This study examines the relationship between the prices charged by manufacturers of proprietary pharmaceuticals in the US and the UK between 2013 and 2016, expressed as a multiplier. Additionally, it seeks to determine if this relationship varies between lower-cost drugs and high-cost therapies used in smaller patient populations.
Therapies assessed by the Scottish Medicines Consortium (SMC) from January 2013 to June 2016 in the UK were identified; only in-patent therapies were included in the analysis and results were separated according to annual cost per patient and the size of the UK target population [whether considered orphan, ultra-orphan, or not]. To estimate the prices charged by manufacturers in the UK and US, publicly listed prices were obtained in the respective countries and adjusted where necessary. The difference in price was calculated as a multiplier between the US and UK prices for each therapy.
88 therapies were identified and included in the analysis using this method. The multiplier between the US and UK prices was 3.64 for therapies with an estimated annual cost >£2,500; reduced to 1.90 for more expensive therapies. The subgroup analysis of the higher-cost therapies also identified a downward trend; as the estimated target patient populations reduced from >32,000 down to <1,000, the US/UK price multipliers reduced from 2.13 for the former to 1.48 for the latter.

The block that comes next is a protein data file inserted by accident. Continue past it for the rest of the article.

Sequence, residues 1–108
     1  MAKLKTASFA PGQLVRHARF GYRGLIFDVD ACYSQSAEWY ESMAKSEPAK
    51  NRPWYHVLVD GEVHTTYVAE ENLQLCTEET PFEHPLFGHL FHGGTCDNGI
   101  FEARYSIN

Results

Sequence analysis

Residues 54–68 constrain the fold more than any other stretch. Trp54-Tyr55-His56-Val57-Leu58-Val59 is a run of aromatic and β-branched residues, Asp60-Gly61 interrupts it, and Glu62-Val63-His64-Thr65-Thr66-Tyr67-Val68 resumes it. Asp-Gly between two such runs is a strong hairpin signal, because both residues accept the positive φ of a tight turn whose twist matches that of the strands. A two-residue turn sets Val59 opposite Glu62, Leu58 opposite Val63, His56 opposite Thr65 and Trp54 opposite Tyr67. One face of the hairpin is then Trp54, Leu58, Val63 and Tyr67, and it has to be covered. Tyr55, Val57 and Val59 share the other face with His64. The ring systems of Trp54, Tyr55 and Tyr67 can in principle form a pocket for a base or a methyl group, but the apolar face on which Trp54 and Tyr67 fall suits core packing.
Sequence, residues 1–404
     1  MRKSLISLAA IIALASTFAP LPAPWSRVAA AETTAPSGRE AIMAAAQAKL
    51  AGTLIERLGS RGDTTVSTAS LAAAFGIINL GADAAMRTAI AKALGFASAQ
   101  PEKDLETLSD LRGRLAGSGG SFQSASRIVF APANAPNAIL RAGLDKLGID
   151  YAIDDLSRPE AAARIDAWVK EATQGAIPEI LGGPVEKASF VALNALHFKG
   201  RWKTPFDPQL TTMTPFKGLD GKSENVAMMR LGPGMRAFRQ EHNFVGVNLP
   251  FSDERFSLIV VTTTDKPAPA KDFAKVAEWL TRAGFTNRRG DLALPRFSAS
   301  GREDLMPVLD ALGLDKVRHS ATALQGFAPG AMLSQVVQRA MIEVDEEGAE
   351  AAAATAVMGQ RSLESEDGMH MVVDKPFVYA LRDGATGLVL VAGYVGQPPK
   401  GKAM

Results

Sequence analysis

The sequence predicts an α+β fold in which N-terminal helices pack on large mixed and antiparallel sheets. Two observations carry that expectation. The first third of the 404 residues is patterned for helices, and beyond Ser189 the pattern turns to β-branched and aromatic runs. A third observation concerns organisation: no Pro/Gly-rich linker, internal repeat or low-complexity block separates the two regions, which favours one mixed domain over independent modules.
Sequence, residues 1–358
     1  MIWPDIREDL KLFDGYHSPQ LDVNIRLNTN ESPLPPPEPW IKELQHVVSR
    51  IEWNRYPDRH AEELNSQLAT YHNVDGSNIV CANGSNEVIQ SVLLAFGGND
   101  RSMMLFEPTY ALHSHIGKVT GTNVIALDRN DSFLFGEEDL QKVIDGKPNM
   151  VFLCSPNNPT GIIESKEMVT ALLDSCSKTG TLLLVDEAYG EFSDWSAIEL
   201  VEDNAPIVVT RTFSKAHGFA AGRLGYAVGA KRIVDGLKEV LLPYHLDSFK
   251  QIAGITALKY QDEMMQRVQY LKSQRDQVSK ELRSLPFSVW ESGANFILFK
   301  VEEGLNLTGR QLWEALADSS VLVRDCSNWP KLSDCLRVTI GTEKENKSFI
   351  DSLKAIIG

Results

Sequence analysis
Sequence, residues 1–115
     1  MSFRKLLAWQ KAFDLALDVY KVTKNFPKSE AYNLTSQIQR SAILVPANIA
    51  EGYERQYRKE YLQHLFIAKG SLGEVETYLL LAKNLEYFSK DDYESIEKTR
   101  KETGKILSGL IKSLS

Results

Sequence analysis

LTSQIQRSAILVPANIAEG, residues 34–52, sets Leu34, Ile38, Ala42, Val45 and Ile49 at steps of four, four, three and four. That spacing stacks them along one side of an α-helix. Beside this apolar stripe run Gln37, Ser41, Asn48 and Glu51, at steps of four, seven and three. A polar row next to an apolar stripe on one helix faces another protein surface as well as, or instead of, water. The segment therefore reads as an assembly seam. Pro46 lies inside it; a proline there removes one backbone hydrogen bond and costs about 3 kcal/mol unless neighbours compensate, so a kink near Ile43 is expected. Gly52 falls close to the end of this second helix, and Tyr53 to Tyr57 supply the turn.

The findings suggest that the pharmaceutical price discrepancy between UK and US is smaller for more expensive therapies that target small patient populations, despite average prices in the US typically being much higher compared to the UK. Given that the potential for higher pricing in the US appears more significant for primary care product targeting large patient populations, high-cost product manufacturers should incorporate this when developing pricing strategies.